Thursday, November 29, 2012

DevoxxUK 2013 (CFP) the newest member of the Devoxx family

I missed Devoxx in Belgium this year, so wanted to try and make the newest member of the Devoxx family in the UK. I have submitted a few sessions:

Wickedly easy Web based BPM with JBoss
In this session we will take a deep dive into the JBoss BPM Web-based tooling  (JBoss BRMS based Process Designer, Asset Manager, Business Central). We will go over a number of live demos which show how these tools can be utilized to increase the agility and dynamic nature of BPM efforts as well as provide subject-matter experts and technical experts a greater role in modelling, managing, and executing business processes.

OpenShift State of the Union
There are plenty of clouds and platform-as-a-services to choose from, but where to start? Join us for an action-packed hour of power where we'll show you how to deploy an application written in the language of your choice - Java, Ruby, PHP, Perl or Python, with the framework of your choice - EE6, CDI, Seam, Spring or Rails to the OpenShift PaaS in just minutes. All without having to rewrite your app to get it to work as the cloud provider thinks it should work. We will focus on examples that highlight what OpenShift has to offer, how to get started, & provide example projects that you can access now. Bring your laptop & follow along as we help you get started with Aerogears, Drools Planner, BRMS, Switchyard & much more. Real world projects put on display for you with code you can access live during this session. If you want to learn how the OpenShift PaaS & investing an hour of your time can change everything you thought you knew about developing apps in the cloud, this session is for you!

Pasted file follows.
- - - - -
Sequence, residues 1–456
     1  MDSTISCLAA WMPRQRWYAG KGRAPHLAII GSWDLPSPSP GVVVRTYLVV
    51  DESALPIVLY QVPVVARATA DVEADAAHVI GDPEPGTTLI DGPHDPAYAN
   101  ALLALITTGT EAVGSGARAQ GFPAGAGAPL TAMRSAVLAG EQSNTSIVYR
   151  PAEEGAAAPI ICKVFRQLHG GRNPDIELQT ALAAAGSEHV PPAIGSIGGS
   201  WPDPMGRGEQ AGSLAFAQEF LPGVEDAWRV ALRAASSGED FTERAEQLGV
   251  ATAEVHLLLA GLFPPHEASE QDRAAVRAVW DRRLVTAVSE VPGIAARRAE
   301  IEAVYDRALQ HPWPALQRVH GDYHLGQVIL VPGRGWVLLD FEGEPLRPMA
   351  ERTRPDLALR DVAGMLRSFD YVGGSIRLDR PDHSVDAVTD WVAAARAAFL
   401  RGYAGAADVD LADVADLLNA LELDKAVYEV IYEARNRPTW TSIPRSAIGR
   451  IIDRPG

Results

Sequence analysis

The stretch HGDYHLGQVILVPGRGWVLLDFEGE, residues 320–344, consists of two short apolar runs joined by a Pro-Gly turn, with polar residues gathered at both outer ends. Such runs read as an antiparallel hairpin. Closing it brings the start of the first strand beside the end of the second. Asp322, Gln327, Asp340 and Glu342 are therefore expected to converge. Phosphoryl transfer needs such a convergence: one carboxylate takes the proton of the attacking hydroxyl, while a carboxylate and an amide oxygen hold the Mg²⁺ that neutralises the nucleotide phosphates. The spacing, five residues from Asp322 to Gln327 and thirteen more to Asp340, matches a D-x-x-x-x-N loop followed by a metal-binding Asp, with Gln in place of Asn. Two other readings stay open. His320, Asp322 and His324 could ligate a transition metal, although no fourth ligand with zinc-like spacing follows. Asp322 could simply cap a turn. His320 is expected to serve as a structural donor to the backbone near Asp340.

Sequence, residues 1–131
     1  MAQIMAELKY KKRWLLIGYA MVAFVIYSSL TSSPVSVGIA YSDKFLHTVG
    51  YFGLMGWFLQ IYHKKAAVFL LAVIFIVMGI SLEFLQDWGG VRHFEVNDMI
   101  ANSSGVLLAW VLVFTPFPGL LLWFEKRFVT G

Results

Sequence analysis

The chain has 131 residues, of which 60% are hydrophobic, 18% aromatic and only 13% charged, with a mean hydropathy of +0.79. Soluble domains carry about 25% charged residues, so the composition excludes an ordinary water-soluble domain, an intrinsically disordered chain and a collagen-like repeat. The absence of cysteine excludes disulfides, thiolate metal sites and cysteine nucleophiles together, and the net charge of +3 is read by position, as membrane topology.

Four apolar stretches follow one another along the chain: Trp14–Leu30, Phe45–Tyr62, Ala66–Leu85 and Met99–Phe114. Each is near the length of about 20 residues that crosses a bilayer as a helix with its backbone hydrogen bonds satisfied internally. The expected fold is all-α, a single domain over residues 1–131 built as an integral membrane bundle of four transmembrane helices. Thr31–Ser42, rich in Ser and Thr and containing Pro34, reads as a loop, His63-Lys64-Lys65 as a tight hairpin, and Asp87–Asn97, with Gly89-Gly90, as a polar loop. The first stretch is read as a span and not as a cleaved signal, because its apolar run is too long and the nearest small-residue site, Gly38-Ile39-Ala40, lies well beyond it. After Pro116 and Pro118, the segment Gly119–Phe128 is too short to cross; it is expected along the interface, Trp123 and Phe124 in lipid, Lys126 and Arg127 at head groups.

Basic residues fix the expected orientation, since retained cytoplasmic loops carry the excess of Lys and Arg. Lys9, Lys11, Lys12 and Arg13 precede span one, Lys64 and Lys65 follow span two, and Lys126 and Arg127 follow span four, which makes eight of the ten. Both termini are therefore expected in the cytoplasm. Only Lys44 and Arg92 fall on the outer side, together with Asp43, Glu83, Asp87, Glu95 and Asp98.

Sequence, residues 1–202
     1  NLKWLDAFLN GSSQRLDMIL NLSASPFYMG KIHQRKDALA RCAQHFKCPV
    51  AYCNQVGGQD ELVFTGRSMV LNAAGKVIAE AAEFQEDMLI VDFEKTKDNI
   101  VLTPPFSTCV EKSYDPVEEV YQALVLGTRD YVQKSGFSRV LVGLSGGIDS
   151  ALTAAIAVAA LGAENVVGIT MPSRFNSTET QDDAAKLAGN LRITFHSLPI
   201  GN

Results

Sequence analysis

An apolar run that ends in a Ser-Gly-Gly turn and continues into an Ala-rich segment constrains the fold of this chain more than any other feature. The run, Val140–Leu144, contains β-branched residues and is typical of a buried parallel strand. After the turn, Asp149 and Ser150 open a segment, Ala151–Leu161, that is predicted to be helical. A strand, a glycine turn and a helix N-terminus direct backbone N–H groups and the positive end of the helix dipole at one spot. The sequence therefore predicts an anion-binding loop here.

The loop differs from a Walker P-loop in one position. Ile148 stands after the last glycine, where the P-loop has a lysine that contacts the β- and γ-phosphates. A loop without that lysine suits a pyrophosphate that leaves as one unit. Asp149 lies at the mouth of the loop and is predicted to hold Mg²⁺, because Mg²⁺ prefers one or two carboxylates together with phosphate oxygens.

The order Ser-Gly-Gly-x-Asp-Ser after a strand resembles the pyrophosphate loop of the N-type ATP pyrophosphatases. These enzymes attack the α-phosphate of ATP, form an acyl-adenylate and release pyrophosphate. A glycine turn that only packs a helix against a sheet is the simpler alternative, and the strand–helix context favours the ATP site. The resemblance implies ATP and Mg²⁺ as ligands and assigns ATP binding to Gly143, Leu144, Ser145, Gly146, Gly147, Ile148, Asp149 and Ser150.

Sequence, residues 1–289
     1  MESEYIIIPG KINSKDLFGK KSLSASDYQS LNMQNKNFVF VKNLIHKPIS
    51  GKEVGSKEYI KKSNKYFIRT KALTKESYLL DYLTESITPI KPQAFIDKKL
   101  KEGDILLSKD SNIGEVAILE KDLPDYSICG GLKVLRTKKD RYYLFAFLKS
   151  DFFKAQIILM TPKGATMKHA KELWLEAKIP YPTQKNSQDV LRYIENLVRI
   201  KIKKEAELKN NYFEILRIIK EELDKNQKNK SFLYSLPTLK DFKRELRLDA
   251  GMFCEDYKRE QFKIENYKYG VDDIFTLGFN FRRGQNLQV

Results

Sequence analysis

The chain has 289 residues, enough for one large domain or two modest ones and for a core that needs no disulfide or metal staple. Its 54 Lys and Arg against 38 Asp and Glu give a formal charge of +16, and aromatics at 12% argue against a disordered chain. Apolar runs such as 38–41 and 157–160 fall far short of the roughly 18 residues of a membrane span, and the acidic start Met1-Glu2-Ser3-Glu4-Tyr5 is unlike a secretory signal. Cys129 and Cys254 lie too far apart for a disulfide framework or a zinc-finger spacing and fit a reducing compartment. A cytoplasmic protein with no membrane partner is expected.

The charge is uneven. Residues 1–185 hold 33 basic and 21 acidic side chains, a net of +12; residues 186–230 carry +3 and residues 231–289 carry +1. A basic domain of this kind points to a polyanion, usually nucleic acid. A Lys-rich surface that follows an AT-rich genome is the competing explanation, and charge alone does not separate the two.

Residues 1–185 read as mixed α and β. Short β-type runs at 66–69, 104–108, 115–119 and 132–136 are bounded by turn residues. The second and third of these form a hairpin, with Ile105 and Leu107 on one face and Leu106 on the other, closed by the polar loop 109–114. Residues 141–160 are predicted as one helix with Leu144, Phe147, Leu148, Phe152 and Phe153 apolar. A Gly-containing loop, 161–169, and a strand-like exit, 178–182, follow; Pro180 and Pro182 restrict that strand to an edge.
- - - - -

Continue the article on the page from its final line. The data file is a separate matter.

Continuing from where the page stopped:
Can Open Source Power your Intelligent Integrated Enterprise?
Enterprises are dealing with exploding levels of business events and associated data. So how do you stay competitive and meet customer expectations in the midst of this growth? By leveraging the Apache ecosystem to connect your IT infrastructure to respond to changing market conditions in real time. By increasing agility with Apache, you will engage your markets and win customer mind share. This session will show you how you can achieve this vision with integration projects; Karaf, Camel, Switchyard, ActiveMQ, Drools, jBPM and much more. You will learn what an intelligent, integrated enterprise is, how to leverage open projects to build yours, understand the value derived and be given a tour of example real life scenarios that implement an an intelligent, integrated enterprise.

Hope to see you there! ;)